SPACES: Researchers publish solutions for climate adaptation in southern Africa
In southern Africa, climate change is affecting harvests and fishing. The BMBF-funded SPACES project has published solutions on how people can better cope with drought, pollution and changing ocean currents.
Southern Africa's terrestrial and marine ecosystems are affected by numerous factors of global change, such as the overexploitation of soils. However, droughts, increasing flooding and changing ocean currents caused by climate change pose the greatest threats to terrestrial and marine ecosystems.
When the German Federal Ministry of Education and Research (BMBF) launched the first research phase of the SPACES funding measure in 2012 (Science Partnerships for the Adaptation to Complex Earth System Processes). Research on the effects of climate change on soils and oceans was very limited. There were also no scientifically sound solutions for how local population groups and the economy in southern Africa could adapt to climate change.
At the end of the second research phase (2018-2022) of SPACES funded by the BMBF, the African-German research network has now produced the complete work "Sustainability of Southern African Ecosystems under Global Change" in the "Ecological Studies" series published by the German Springer Verlag. This book of almost 1000-pages is a comprehensive review of the interdisciplinary findings and experiences that were researched in southern Africa from 2012 to 2023 by teams from Germany with partners in the respective regions of southern Africa.
In total, over 200 researchers worked on nine joint projects. While the first funding phase of SPACES focused on research into the effects of climate change on southern Africa (Science Partnerships for the Assessment of Complex Earth System Processes), the second funding phase focused primarily on the development and assessment of suitable measures for climate adaptation (Science Partnerships for the Adaptation/Adjustment to Complex Earth System Processes).
The now published SPACES anthology is aimed at the scientific community - i.e. students, teachers and researchers working on terrestrial and marine ecology as well as environmental, nature and landscape planning in southern Africa. Furthermore, the book provides a summary of scientific findings and the resulting recommendations for climate change mitigation and adaptation, which form a solid basis for political decisions.
The work is available online via an open access system and as a printed edition by ordering from the publisher.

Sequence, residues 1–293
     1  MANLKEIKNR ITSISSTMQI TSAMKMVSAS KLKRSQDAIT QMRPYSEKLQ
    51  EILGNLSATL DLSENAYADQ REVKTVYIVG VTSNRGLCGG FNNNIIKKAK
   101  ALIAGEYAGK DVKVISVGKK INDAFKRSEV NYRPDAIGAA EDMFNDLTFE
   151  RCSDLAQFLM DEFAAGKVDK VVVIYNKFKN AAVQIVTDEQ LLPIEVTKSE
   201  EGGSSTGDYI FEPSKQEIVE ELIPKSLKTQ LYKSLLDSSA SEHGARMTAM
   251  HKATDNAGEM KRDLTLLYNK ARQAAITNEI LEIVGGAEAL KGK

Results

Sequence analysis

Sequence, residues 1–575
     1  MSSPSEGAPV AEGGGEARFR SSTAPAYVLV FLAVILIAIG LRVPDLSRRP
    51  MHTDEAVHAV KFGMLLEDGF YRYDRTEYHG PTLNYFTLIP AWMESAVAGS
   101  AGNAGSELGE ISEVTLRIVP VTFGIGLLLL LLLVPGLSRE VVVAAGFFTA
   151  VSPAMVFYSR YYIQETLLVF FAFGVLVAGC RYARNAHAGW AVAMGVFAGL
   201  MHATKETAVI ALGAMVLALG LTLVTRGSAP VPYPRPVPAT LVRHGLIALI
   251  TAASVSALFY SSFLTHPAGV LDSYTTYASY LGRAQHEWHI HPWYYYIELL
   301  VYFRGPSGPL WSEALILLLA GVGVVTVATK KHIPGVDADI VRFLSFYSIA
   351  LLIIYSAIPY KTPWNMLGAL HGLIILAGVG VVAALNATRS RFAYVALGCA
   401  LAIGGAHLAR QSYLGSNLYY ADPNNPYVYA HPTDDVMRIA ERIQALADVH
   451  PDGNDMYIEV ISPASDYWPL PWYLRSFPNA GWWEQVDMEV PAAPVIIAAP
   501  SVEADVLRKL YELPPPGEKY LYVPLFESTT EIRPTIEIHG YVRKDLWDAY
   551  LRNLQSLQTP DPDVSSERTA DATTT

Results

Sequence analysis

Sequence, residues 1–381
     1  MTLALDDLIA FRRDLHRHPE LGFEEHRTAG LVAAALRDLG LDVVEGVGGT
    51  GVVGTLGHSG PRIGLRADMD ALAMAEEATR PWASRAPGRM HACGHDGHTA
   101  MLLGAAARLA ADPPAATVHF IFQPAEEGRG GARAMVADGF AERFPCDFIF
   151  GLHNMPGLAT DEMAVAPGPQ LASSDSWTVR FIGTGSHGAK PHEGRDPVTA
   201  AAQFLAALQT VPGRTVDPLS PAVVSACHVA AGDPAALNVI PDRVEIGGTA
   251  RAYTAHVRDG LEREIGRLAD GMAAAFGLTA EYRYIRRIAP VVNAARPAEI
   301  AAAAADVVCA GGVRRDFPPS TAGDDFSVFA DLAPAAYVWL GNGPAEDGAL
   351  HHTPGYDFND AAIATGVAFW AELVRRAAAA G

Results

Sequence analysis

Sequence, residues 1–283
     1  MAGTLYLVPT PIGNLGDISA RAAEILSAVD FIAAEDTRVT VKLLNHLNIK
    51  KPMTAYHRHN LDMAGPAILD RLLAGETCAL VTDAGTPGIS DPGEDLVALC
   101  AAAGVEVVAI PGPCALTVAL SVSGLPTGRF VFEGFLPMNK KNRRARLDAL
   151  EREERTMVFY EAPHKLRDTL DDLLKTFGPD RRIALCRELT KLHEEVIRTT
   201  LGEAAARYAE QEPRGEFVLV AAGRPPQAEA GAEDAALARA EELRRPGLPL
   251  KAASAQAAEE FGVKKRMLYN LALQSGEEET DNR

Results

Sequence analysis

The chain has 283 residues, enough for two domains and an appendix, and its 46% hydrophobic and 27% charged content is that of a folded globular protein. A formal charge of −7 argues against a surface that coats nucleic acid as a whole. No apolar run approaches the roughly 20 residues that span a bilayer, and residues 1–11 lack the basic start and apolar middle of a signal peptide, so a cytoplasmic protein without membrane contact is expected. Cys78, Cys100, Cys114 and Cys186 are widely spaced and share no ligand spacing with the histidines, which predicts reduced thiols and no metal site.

In the following, the researchers briefly summarize the findings of SPACES and the German-African cooperation within the framework of this comprehensive BMBF funding measure:
Dr. Maik Veste, CEBra - Center for Energy Technology Brandenburg e.V.
"Hedges or trees between fields are ideal for climate adaptation in southern Africa. Both mitigate wind and drought. With trees, the fruit and wood are also useful. But trees need a lot of water, so native bushes such as fynbos are the better solution in very dry regions."
Dr. Shoopala Uugulu, University of Namibia
„The scientific cooperation between researchers from Germany and Namibia in SPACES exemplified a symbiotic partnership rooted in shared objectives and mutual respect. What I take away from this cooperation is that it emphasised the importance of acknowledging and integrating diverse viewpoints, fostering an inclusive environment where different approaches converge to yield scientific insights and solutions on sustainable land use adaptations in savanna systems under climate change."
Dr. Jennifer Veitch, SAEON (South African Environmental Observation Network)
„The SPACES project has contributed to our understanding of how climate change is causing the oceans around Southern Africa to become warmer and less oxygenated and to experience more frequent extreme wave events. Coastal inhabitants who depend on the ocean for their income will need to adapt to declining and shifting marine resources and to more regular storm surges that can severely impact coastal infrastructure."
Dr. Tim Rixen,
Leibniz Centre for Tropical Marine Research (ZMT), Bremen
„In SPACES we realised that we have to face global challenges in their regional manifestations together, and this encouraged disciplinary and interdisciplinary cooperation. External threats and common goals weld us together."
In the SPACES I and II funding program, scientists from South African countries and Germany researched the impact of climate change and the use of soils and oceans. They developed ways of adapting to complex processes, such as the interactions between land and sea. The aim of the scientific cooperation projects was to provide new scientific findings and research-based recommendations to political decision-makers for the sustainable management of agriculture and the preservation of the various ecosystem services in this region. These are summarized in the project's final report. The BMBF funded SPACES I and II from 2012 to 2024 with a total of around 40 million euros.